CannonDesign’s Abbie Clary, a director of our health practice, has contributed to a report from IMEG Corp. and Transwestern, titled “The Convergence of Healthcare Delivery in the U.S.” The study is a survey of leaders in the healthcare industry on topics such as “mega-disruptors,” how healthcare will be sought by Millennials and Gen Xers, and what the delivery of healthcare will look like by 2020. A total of 24 industry leaders from a variety of healthcare sub sectors contributed to the report, including representation from hospital systems, academic medical campuses, development firms, design firms, medical products firms, and analysts.
The full report can be read online, and key excerpts from Abbie can be found below:
What is, or will be, the single largest disruptor to healthcare delivery?
“Consumerism is the key catalyst for disruption all over the marketplace. Consumers are as savvy as ever and bring deeper understanding of care delivery and higher expectations around experience and value than ever before in history. Healthcare’s core business model wasn’t designed to support these new expectations, and so the model needs to adapt ASAP before a non-traditional entity (see Walmart and Humana, Amazon, etc.) becomes more sophisticated and equipped to help this new era of consumers.”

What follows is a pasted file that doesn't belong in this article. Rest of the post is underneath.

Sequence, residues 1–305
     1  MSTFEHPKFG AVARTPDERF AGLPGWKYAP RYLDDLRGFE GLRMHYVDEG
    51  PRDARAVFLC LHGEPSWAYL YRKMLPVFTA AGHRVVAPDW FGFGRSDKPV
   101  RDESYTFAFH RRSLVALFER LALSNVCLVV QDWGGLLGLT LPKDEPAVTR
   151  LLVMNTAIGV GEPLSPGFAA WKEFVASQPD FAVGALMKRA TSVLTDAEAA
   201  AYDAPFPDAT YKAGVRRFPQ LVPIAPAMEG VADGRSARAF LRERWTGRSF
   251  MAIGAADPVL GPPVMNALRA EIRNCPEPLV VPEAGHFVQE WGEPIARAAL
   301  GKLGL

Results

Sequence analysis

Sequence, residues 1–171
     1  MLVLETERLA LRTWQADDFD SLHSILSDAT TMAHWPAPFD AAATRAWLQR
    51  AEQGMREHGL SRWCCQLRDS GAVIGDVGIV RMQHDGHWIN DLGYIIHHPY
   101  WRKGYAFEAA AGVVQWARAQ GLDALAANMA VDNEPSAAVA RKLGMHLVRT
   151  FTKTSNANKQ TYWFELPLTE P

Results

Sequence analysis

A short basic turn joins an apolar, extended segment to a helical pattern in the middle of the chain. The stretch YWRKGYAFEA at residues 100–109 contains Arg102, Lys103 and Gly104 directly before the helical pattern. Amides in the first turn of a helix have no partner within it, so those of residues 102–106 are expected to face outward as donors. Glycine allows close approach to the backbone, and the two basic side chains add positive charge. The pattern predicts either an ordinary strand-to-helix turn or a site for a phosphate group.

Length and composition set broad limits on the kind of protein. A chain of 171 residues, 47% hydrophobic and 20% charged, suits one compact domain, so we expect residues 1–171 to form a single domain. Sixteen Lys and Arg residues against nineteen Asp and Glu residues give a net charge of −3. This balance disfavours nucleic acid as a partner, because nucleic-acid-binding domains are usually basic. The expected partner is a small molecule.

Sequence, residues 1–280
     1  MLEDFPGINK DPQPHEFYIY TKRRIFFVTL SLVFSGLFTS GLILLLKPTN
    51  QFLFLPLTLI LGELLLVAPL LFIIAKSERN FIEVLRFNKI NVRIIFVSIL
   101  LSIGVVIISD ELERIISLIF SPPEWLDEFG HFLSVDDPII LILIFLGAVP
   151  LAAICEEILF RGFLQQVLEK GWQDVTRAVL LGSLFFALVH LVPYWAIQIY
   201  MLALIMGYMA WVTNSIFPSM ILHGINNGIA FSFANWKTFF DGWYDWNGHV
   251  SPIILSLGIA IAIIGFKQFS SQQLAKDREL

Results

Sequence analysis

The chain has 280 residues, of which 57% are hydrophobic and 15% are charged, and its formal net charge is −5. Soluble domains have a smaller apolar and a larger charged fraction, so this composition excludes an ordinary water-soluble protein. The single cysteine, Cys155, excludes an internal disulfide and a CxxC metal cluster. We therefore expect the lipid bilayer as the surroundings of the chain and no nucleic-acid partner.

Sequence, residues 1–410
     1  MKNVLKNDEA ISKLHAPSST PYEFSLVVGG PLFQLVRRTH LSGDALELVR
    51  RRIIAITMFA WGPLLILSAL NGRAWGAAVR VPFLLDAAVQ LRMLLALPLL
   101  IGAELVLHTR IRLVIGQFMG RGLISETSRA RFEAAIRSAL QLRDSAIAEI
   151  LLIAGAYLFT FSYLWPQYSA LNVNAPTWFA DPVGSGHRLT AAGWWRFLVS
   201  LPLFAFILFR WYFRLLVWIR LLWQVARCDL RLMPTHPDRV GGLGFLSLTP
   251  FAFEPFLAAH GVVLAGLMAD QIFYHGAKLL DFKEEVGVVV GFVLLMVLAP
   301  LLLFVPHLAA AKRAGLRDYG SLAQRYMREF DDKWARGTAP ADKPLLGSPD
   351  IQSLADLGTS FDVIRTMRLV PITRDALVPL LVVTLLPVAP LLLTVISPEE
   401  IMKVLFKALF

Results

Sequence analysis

How will Millennials and Gen Xers receive healthcare differently than Baby Boomers?
“Millennials and Gen Xers expect comprehensive management of health; quantified, self-developed data; transparent understanding of the data and what to do with it; answers anytime,
anywhere, etc. Personally, as a Gen Xer with children, my complaint is that these things are not happening fast enough in healthcare.”
What will the delivery of healthcare look like by 2020? Will we continue to see healthcare incorporate strategies like those used on the retail side?
“It’s nearly impossible to predict the future within this rapidly changing climate. Still, a few thoughts. First, trends indicate that post-acute care will rise to the forefront, especially as the need to improve and maintain quality within the continuum of care for an aging population becomes more important. Second, the ambulatory landscape will continue to become more of an acute care environment due to reimbursements for procedures that were traditionally hospital-based now being performed in outpatient settings.”